Midnight Sun – Shooting in Alaska with ZEISS Lenses
In the early summer of 2017 I was hired to produce some video content to promote tourism and outdoor adventures in Alaska, a place that I had never been before. Images of bears, glaciers and totem poles filled my thoughts as I prepared shot lists to match the client’s needs and one for this project with ZEISS, Midnight Sun.
One of the most common and never-ending challenges to filmmaking is choosing the best equipment for the location, type of content being captured and the overall project budget. I knew that I would be shooting solo only with natural light, camping, traveling on boats and be very limited to power for recharging batteries so in the end I opted to shoot on two cameras; the Sony FS7 and the Sony A7sii. This equipment let me travel light with long lasting batteries and high frame rates for a cinematic feel. The next question was what lenses should I bring? Allot of the shots lined up were staged around people participating in activities such as kayaking, hiking, cooking outdoors, camping and fishing. The rest of my B-Roll shots were of landscapes and animals that might be encountered. Again, with limited space and knowing I would have to carry all the equipment for this shoot on my back I opted to bring the following lenses;
ZEISS CZ.2 Cinema Zoom 70-200mm
ZEISS CP2 Set (35mm, 50mm, 85mm)
ZEISS Distagon Set (18mm, 50mm, 85mm)
I was able to pack all these lenses into my Cinebags backpack with my cameras or into my laptop satchel… it’s a good thing I’m good at tetris or that may have not worked out. My reasoning behind the lens choices was; I had the cinema zoom as my “A” lens for all my key shots and when I needed a to go a little lighter or wider I would change it up with the CP2s. I primarily used the Distagon lenses on the Sony A7sii when I was on boats or in locations where the I could go handheld for most of my shots. I ended up using the Tiffen PRO100 and 4×4 NDs with the A7sii setup with the ZEISS Distagon lenses about 90% of the time to get the best exposure possible in the crazy Alaskan light.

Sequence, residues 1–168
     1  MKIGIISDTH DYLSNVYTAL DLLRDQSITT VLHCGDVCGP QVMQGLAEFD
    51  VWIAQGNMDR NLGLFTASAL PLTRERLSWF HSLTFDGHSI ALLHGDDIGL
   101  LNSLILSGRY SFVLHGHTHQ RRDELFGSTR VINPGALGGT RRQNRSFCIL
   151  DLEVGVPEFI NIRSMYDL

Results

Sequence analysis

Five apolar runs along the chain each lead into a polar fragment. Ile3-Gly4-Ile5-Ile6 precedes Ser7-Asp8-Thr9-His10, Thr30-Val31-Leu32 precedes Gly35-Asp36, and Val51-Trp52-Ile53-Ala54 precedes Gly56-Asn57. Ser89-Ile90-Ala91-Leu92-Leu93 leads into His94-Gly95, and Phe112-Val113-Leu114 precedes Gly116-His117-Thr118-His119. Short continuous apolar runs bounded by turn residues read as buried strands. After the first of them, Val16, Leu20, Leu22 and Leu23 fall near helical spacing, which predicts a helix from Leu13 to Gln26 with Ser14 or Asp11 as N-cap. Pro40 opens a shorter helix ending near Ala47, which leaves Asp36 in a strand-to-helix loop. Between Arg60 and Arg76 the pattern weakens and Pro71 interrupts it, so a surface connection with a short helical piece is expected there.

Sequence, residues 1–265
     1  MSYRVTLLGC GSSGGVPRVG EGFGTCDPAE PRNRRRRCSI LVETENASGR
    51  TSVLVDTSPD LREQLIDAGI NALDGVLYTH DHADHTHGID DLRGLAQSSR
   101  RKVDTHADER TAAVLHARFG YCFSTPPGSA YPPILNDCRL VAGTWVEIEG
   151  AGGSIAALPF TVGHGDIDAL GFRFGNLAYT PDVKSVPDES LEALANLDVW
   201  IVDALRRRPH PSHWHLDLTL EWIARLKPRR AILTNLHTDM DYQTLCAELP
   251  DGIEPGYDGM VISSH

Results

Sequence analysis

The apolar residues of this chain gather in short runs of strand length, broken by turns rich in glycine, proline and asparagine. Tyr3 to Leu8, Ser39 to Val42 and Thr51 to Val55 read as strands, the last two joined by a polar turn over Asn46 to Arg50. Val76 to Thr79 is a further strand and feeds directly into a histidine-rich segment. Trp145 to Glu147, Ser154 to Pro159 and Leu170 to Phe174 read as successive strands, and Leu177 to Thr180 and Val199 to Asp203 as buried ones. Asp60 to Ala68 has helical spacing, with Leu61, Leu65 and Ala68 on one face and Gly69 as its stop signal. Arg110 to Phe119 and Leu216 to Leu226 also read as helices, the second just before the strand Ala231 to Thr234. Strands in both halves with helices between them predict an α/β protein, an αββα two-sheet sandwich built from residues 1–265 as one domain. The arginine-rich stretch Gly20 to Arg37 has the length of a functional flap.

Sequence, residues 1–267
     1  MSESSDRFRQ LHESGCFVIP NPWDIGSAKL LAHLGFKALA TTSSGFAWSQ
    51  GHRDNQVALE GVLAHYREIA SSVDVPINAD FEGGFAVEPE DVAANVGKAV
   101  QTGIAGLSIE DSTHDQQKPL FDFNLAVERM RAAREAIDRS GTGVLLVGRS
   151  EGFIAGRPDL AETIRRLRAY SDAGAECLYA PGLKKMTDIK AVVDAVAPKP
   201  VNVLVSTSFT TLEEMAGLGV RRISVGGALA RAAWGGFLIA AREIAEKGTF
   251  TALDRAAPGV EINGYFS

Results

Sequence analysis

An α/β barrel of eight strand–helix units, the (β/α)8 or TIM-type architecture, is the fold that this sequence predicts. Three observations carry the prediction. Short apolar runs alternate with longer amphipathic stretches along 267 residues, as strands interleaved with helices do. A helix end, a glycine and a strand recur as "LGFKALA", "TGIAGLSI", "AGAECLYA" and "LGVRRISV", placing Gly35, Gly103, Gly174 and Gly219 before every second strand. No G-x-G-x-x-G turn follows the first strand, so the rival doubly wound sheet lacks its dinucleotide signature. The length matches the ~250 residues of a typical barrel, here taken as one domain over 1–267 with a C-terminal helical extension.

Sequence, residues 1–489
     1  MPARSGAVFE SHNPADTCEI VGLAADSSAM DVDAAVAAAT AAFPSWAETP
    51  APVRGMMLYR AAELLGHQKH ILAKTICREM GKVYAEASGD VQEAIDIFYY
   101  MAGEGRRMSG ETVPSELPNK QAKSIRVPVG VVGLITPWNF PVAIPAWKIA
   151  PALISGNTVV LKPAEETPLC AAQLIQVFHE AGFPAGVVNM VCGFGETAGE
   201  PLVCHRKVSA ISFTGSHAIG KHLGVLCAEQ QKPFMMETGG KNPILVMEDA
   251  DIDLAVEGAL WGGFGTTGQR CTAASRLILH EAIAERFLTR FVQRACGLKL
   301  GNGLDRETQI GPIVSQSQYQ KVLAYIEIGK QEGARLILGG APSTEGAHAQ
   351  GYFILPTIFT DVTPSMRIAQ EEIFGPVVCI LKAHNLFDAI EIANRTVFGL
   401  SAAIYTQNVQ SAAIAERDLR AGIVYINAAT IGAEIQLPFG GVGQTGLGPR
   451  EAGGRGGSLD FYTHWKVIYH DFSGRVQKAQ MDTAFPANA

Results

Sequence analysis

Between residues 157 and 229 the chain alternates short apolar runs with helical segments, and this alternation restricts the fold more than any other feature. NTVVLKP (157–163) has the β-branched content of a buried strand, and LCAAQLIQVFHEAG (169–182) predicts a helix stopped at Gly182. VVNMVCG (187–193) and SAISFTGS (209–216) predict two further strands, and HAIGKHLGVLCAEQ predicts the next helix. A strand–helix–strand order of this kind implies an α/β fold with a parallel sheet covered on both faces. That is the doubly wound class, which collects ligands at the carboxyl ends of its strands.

Overall I think the biggest challenges that I faced while shooting in Alaska were light and weather, both of which I didn’t expect to be so challenging. I arrived in June, which means the sun never goes all the way down, hence the name of the video “Midnight Sun”. This gave me hours of additional shooting time. In fact, several of the shots in the video were shot at about 11pm in the evening and the light still looked great! The weather was also a great deal colder than I had planned. Rain and overcast clouds really took away from the upbeat outdoor style I was going for. The combination of the overcast skies and the strangely intense light made it essential to use ND filters to avoid over exposing the luminous clouds but posed a challenge as the landscape was so dark below. When possible, I’d use Tiffen graduated NDs but most of the time it was a struggle to expose as I did not have a crew and had to work with 100% natural light. Though a struggle at times, the natural lighting in Alaska has a hauntingly beautiful quality I have come to love.
Shooting with only natural light is intimidating and can be a massive challenge to maintain consistency and exposure when on a fast paced shoot like this. Over the years I have learned that it all comes down to choosing the right location, positioning the talent and having the right lenses to get the best look possible. There is something liberating about shooting completely natural that we can often forget exists when working on standard sets. The ZEISS lenses allow you to really fully integrate yourself with your environment an push creative boundaries. Flexibility, preparation and knowing your tools will make or break a production like this. I’m excited to head back to Alaska and would likely keep most of the same gear in my pack the next time I do.